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We’ve all seen the traditional trope of someone’s face glowing with joy as they open a box tied with a loose red ribbon and bow to find that they have been gifted a puppy. Who wouldn’t express happiness and surprise at being greeted by the loving face of a tiny dog, full of love and excitement? Sure, there are instances where people have received a pet and have gone on to love their canine companion wholeheartedly, providing him or her with a good quality of life. But this doesn’t necessarily mean that a dog will always make a good present. Here’s a little more information on the subject that may make you want to reconsider your plan and purchase an object or experience to wrap up for your nearest and dearest this year instead!
Dogs are generally expensive to purchase in the first place, especially if you are planning on purchasing a pedigree breed. So, you may think that you are being relatively generous in purchasing such a costly gift for someone. But you need to bear in mind that dogs can prove extremely expensive to keep beyond their initial asking price. This places a huge financial responsibility on the recipient without asking their permission or giving them a chance to have a say in the matter. Remember that they are going to have to inevitably pay for more than just dog food to sustain their pup. They are going to have to invest in:
- Pet insurance
- Veterinary bills
- Worming and flea treatments
- Collars, harnesses, and leads
Dogs also tend to require a whole lot more time, care, and attention than people initially think. By gifting someone a dog, you automatically put a large responsibility on them and dedicate their time to a pet on their behalf without first asking them. This can prove problematic if they have more responsibilities than you are aware of. They may be waiting for a promotion at work, planning on increasing the amount of time that they dedicate to their family, spending more time on social plans… throwing a puppy into the mix can really scupper their plans. Christmas also tends to be an extremely hectic time of year – the recipient might not have sufficient time to train their puppy effectively or dedicate sufficient time to house training.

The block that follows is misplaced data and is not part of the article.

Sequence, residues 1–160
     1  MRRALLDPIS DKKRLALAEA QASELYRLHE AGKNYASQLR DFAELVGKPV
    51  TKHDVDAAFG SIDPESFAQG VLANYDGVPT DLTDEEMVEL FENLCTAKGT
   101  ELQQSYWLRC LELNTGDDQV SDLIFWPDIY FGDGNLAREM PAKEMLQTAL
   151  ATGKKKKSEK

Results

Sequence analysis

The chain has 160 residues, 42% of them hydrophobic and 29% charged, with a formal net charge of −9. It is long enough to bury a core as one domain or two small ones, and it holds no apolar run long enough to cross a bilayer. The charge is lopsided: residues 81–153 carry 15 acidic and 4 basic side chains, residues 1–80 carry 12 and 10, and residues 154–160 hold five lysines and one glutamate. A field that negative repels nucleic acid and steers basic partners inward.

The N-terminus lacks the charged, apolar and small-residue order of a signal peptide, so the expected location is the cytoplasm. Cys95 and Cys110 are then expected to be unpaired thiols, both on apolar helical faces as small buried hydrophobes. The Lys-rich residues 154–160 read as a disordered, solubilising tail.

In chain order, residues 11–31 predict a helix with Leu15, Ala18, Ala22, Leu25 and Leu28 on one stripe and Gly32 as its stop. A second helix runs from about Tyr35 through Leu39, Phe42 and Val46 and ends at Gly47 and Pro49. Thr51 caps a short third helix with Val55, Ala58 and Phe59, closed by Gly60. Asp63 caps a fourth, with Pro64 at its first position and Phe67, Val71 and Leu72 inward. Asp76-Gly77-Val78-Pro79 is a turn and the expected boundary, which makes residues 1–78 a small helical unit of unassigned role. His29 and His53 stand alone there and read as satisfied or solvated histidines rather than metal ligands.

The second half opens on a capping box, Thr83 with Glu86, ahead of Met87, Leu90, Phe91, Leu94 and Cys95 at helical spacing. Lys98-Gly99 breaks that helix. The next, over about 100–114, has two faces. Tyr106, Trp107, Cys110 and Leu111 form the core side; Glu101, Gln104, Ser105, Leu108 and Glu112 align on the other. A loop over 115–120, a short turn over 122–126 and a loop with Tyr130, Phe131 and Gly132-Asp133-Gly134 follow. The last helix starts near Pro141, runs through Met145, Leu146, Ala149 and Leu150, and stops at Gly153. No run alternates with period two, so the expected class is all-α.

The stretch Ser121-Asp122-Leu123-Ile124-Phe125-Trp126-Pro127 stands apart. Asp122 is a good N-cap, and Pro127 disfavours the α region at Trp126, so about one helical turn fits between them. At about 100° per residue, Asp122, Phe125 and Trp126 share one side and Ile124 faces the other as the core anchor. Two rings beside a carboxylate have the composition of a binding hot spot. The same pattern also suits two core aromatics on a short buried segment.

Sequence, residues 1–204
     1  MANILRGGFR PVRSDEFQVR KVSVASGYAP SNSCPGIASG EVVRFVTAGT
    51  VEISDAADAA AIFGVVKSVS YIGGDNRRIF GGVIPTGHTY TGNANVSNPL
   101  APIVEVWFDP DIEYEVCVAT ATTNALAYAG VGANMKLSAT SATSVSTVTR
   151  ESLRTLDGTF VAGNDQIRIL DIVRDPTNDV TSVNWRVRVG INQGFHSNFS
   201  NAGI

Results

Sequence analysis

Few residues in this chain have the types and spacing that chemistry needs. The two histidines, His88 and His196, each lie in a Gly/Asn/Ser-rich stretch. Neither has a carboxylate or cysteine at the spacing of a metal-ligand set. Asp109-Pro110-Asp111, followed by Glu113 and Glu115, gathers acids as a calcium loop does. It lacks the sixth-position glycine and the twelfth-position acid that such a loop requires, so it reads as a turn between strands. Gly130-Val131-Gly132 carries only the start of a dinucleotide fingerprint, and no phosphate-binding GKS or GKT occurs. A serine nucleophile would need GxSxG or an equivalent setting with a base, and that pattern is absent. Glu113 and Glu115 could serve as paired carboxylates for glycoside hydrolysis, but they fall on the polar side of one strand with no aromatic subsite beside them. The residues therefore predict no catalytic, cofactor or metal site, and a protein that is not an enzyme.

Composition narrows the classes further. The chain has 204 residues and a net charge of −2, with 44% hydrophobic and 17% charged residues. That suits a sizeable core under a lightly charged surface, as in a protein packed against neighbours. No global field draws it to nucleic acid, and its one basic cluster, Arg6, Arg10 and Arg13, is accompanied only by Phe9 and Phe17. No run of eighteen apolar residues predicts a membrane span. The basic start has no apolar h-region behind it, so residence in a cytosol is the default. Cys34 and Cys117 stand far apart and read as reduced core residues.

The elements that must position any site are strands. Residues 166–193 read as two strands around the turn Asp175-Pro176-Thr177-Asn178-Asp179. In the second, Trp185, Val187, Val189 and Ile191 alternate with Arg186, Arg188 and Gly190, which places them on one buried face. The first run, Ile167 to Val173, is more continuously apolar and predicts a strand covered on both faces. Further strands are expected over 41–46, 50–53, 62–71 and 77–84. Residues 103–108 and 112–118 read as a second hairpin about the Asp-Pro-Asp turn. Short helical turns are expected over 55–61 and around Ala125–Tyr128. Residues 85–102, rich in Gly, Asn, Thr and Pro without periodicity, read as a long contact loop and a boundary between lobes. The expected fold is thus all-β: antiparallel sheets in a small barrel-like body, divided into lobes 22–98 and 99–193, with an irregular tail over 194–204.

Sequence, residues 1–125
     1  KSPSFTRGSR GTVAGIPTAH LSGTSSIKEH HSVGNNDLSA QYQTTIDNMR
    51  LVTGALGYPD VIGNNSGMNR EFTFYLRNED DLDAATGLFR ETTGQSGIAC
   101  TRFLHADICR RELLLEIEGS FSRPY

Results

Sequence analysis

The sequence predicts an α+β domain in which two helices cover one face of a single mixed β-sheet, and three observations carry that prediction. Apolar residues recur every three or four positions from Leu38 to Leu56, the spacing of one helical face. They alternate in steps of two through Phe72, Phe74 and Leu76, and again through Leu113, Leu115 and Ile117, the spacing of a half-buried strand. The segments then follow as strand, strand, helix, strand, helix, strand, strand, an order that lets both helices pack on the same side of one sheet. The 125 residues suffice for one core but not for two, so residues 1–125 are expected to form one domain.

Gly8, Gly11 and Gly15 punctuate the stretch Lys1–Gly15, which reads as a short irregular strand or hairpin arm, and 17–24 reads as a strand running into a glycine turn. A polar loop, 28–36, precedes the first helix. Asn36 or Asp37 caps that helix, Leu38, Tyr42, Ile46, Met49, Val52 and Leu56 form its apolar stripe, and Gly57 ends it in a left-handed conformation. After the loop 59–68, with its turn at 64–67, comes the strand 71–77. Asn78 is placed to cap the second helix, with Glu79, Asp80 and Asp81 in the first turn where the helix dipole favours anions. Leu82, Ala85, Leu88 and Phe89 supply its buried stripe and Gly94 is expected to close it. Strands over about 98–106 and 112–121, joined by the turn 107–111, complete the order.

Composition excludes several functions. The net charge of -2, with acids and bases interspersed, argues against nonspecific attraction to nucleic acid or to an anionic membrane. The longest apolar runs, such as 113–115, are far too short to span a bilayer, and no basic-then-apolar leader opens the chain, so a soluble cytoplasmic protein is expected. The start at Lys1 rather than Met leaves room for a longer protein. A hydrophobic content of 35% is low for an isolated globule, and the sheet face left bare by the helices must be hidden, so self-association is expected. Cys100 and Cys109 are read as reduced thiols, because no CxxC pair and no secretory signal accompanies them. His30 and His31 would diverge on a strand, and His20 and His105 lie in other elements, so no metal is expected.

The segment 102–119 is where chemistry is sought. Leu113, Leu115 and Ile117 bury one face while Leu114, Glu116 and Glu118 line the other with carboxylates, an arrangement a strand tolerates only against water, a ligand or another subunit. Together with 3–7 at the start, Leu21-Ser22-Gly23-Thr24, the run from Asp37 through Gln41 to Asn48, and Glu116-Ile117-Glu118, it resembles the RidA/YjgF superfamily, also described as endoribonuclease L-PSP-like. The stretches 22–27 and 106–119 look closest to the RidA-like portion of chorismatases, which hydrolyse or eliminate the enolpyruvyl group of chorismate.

Limiting Spontaneous Behaviour
Sure, it may all seem fun and games incorporating a pet into Christmas as a life changing gift for whoever you may have in mind as a recipient. But you need to remember that from this point onwards, you will have to incorporate your pooch into every holiday, occasion, and vacation that you will take in the future for the duration of the animal’s life. In fact, you are going to have to incorporate them into pretty much everything that you want to do in the future. If the person who you’re gifting a pup to wants to engage in any form of spontaneous behaviour, they aren’t going to be able to anymore. If they want to head away to an event that is longer than a working day, requires an overnight stay, or will see them away from home for an extended period of time, they’re going to have to take various steps to ensure that their pet can come away with them or is well looked after while they are away. They will have to research airports that are pet friendly, only stay in accommodation that their pets can join them in, and dine out in restaurants that are dog friendly or they will have to limit their trips and fork out for kennels or boarding costs where their four legged friend can stay at home under professional supervision.
Dogs Can’t Just Be Returned
If you gift someone a dog, you need to remember that they cannot simply be returned and placed back on the shelf if the person doesn’t actually want the dog. They will need to be handed over to a shelter or a foster carer who can look after them until someone else is willing to take on responsibility for them. If shelters are full or there aren’t any willing adoptive owners available, this poor pooch could actually end up being euthanised. This is entirely unfair – an animal’s life shouldn’t be risked due to a poor decision on a person’s part.
As you can see, a dog really isn’t just a gift for Christmas. It isn’t an object that can be handed over, politely accepted, and tucked away if the recipient feels a little awkward or doesn’t want to keep it. They are living, breathing, sentient beings who require a whole lot of commitment, dedication, love, and attention to flourish. So, think twice before going ahead with plans of giving a puppy as a present.